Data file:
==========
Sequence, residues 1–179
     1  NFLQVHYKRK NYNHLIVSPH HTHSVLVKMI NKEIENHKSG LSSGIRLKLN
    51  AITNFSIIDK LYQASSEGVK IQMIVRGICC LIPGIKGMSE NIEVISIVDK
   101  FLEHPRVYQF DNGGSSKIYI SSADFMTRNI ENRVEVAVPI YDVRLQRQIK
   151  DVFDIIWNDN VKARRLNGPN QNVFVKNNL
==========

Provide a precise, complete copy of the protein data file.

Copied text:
Sequence, residues 1–179
     1  NFLQVHYKRK NYNHLIVSPH HTHSVLVKMI NKEIENHKSG LSSGIRLKLN
    51  AITNFSIIDK LYQASSEGVK IQMIVRGICC LIPGIKGMSE NIEVISIVDK
   101  FLEHPRVYQF DNGGSSKIYI SSADFMTRNI ENRVEVAVPI YDVRLQRQIK
   151  DVFDIIWNDN VKARRLNGPN QNVFVKNNL